company background checks

What Companies Look for During Background Checks

If you’re looking for a new job, one of the most common things you’ll find during the application process are background checks—more than 2/3 of companies perform background checks before hiring employees.

While not every company performs background checks (and even some that say they might, won’t), a lot do, particularly if you’re going to be working with children, allowed access to people’s homes, or in any kind of medical facility. Worried that speeding ticket fifteen years ago is going to ruin a potential job at a bank? Well, that’s not exactly the goal of background checks—unless you’re applying for a driving job.

However, background checks do hold a lot more than just your criminal record. Here’s a look at what companies are looking for when performing background checks. 

Background Check Information

Background checks can release all kinds of information, from your education to your criminal history. Exactly what kind of things your potential employer is getting depends on what they’re looking for and how thorough they intend to be -- this will also have to do with which company they choose to go through. There are tons websites that offer monthly deals on online background checks, but they could also go through a third party background checking service, or the government. 

According to Privacy Rights Clearinghouse, a background check could include any or all of the following:

  • Driving records
  • Vehicle registration
  • Credit records
  • Criminal records
  • Social Security number
  • Education records
  • Court records
  • Workers' compensation
  • Bankruptcy
  • Character references
  • Medical records
  • Property ownership
  • Military records
  • State licensing records
  • Drug test records
  • Past employers
  • Personal references
  • Incarceration records
  • Sex offender lists

What Employers Looking For

Exactly what the employer is looking for is going to depend on what kind of position you are applying for. Your employer is essentially trying to ensure that you’ve provided them with true and accurate information. Companies want to make sure they aren’t hiring someone who could cause major problems: for the business, or for their clientele. This might mean checking to see if you went to school where you claimed, or if you actually held previous positions within companies you listed.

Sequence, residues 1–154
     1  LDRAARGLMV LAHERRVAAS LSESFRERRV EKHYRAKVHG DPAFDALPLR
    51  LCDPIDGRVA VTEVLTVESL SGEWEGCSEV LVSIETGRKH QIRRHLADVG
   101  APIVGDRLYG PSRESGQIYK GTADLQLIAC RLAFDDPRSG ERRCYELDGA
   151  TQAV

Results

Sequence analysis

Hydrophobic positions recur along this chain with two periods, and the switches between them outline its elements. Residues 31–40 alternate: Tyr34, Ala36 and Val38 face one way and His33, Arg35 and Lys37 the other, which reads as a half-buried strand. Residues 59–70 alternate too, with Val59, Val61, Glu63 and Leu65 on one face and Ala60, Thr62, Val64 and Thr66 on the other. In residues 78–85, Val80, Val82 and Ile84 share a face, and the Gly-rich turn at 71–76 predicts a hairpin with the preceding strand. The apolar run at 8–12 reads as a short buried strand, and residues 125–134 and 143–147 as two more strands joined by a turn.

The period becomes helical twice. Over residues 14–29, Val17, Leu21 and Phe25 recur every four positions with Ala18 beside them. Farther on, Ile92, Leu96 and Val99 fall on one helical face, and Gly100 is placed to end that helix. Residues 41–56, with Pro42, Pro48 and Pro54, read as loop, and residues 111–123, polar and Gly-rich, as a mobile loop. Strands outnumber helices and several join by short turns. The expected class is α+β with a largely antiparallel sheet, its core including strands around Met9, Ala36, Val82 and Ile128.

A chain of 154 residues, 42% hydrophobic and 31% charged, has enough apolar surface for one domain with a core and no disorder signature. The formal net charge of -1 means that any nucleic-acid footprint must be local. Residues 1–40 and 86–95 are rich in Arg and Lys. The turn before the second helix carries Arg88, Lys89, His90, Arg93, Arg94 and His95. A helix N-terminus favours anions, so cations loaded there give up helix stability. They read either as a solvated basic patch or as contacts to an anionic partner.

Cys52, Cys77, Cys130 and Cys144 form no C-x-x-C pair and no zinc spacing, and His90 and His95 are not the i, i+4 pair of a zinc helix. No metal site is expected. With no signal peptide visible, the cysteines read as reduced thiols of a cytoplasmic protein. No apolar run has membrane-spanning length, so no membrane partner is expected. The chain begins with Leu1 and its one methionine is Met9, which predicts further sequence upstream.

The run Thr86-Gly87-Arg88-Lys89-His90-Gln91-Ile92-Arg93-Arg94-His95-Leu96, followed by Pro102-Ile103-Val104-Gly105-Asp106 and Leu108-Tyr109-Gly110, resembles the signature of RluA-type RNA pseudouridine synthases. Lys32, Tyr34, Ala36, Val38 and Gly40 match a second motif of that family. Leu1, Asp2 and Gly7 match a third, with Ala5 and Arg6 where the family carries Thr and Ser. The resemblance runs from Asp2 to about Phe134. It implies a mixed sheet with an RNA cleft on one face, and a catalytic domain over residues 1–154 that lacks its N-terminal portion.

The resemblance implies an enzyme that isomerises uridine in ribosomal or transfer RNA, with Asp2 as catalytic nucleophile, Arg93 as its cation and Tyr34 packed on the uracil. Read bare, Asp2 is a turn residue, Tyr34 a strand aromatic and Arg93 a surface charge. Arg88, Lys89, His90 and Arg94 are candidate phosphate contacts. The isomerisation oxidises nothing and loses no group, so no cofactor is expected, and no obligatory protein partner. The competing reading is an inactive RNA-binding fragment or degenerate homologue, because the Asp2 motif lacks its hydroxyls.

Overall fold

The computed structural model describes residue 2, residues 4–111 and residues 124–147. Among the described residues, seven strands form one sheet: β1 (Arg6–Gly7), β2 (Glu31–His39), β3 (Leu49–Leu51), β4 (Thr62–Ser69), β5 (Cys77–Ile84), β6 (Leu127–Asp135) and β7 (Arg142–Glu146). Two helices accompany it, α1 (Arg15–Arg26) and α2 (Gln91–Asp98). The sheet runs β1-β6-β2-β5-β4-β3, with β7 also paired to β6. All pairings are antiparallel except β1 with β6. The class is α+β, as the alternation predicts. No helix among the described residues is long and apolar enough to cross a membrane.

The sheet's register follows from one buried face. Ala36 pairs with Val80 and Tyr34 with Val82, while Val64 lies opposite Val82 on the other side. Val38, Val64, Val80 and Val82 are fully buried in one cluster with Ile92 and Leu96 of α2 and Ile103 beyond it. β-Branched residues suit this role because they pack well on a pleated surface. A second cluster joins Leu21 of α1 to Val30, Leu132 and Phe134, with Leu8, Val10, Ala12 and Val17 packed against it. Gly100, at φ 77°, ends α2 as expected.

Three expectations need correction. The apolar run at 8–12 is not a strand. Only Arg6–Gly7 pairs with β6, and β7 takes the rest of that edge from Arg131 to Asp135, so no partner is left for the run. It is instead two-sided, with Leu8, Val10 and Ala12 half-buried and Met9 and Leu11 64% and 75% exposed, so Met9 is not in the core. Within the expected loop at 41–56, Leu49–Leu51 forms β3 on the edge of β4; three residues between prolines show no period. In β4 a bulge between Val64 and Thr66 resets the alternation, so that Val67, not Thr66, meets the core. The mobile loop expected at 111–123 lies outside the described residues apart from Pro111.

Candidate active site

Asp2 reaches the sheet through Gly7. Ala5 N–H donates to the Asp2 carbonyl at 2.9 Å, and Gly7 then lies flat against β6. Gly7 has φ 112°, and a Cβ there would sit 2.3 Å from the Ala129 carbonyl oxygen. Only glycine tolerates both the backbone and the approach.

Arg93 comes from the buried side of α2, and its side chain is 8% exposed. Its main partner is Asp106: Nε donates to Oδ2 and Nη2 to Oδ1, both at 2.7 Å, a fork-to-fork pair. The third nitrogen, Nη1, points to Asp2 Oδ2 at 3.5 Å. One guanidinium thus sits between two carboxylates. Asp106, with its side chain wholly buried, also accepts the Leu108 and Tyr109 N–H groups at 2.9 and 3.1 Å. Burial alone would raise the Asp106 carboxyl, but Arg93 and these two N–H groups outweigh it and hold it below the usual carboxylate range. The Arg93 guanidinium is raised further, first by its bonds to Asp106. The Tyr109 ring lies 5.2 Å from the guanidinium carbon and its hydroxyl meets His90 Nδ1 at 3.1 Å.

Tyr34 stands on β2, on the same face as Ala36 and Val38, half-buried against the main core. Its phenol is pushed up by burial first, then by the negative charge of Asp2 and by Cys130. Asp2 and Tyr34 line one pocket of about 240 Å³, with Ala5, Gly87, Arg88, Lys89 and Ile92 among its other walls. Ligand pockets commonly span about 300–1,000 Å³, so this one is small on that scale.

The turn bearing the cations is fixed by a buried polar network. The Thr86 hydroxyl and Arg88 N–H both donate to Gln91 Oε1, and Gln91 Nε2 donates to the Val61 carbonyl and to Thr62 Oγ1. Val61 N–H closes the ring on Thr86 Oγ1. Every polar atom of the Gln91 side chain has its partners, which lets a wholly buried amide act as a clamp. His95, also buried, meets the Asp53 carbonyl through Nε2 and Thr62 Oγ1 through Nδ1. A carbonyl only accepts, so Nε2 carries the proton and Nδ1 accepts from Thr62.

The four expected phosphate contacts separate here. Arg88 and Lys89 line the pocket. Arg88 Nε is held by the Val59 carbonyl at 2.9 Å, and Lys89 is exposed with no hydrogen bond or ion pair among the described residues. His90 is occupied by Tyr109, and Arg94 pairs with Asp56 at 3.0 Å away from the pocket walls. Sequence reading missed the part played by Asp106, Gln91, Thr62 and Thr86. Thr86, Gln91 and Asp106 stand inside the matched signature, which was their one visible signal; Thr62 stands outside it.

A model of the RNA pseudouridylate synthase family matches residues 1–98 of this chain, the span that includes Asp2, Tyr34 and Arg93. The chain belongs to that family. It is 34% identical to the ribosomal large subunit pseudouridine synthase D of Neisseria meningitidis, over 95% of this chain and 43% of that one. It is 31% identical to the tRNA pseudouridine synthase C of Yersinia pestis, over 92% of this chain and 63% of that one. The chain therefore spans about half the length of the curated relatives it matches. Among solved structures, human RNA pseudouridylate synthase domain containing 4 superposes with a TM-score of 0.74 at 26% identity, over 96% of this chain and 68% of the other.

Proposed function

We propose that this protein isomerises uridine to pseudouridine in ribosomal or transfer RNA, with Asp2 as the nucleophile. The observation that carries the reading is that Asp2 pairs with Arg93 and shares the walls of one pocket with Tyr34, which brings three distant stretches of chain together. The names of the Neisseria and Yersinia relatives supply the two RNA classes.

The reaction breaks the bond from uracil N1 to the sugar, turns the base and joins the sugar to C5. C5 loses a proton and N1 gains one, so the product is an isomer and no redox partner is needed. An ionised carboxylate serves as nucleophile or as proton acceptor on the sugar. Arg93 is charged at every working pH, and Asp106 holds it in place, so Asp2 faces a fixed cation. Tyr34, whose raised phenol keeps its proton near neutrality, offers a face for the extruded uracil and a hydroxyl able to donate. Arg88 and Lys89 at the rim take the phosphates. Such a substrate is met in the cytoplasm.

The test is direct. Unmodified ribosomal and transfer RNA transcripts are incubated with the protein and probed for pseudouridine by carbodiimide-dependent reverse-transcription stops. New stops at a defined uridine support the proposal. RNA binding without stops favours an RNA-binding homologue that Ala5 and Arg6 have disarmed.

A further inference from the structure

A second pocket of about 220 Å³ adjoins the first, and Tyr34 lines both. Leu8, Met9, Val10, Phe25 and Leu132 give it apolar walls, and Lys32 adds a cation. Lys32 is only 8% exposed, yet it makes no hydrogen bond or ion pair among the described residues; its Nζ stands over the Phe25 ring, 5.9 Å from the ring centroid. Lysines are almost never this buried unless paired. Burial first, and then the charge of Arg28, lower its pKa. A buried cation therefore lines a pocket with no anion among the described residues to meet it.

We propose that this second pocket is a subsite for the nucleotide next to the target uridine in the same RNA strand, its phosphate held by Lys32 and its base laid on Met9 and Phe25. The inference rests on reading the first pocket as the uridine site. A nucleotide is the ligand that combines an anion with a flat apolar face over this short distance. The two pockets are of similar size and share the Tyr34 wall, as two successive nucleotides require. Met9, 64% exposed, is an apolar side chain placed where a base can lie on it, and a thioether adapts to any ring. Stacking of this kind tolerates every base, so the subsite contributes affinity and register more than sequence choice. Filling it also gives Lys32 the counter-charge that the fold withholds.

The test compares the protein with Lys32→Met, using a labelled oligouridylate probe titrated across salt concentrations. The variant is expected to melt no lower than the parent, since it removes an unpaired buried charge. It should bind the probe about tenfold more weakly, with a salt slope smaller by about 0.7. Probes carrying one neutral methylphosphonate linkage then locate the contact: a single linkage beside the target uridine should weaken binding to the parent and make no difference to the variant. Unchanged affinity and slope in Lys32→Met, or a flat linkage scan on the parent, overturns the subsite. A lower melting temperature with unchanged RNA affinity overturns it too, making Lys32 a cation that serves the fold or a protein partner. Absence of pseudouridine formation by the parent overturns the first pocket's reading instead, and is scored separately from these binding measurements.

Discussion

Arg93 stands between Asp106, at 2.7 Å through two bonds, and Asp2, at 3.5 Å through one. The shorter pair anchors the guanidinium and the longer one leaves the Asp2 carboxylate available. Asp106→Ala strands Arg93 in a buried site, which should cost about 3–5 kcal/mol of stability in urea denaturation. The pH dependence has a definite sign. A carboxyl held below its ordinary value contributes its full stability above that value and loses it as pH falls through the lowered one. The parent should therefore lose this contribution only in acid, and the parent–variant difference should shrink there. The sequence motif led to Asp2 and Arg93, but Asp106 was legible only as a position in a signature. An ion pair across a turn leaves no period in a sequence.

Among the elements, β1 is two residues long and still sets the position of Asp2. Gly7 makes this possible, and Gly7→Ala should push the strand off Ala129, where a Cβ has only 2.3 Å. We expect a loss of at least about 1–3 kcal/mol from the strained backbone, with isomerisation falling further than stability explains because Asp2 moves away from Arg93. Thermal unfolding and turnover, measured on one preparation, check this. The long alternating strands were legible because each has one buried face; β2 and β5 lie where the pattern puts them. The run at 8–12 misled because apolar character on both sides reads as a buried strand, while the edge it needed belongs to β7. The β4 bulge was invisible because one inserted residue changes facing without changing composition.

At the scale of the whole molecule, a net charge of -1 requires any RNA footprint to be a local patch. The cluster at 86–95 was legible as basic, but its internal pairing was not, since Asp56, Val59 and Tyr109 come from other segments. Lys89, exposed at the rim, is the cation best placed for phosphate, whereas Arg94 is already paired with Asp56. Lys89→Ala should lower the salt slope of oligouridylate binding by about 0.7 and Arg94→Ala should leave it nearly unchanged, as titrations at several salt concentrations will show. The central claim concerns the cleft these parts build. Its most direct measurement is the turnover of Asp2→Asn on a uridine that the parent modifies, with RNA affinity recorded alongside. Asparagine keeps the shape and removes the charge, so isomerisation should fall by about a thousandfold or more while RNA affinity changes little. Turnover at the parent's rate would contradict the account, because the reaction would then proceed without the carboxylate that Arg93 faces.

Employers are also trying to make sure potential employees don’t have criminal records that may interfere with their ability to perform the job (i.e. sexual crimes in a school district, or possession with intent to distribute in a doctor’s office full of pharmaceutical samples). Unfortunately, if you have a criminal history, this can seriously limit where you can work. 

Credit and Medical History

Looking at your credit history may seem over the top, but it can guage not only how responsible you are, but if you’ve actually lived in the areas you claimed. As far as medical records are concerned, most of those are kept private. It may only be necessary in regards to Worker’s Compensation, or if the company requests a physical (so they can see the results). For the most part, employers are only allowed to ask about specific physical abilities required for the job -- like being able to lift 20 pounds or stand for long periods of time). 

Driving Records

Additionally, for positions that requiring driving -- whether that means a delivery driver, moving rental cars around the lot, or hauling passengers -- your employer is going to be very interested in your driving record. If you have a bad habit of speeding, get into frequent accidents, or have gotten a reckless endangerment charge, those are all gigantic signs you probably aren’t going to be a good fit for the position. 

Last Updated: January 10, 2018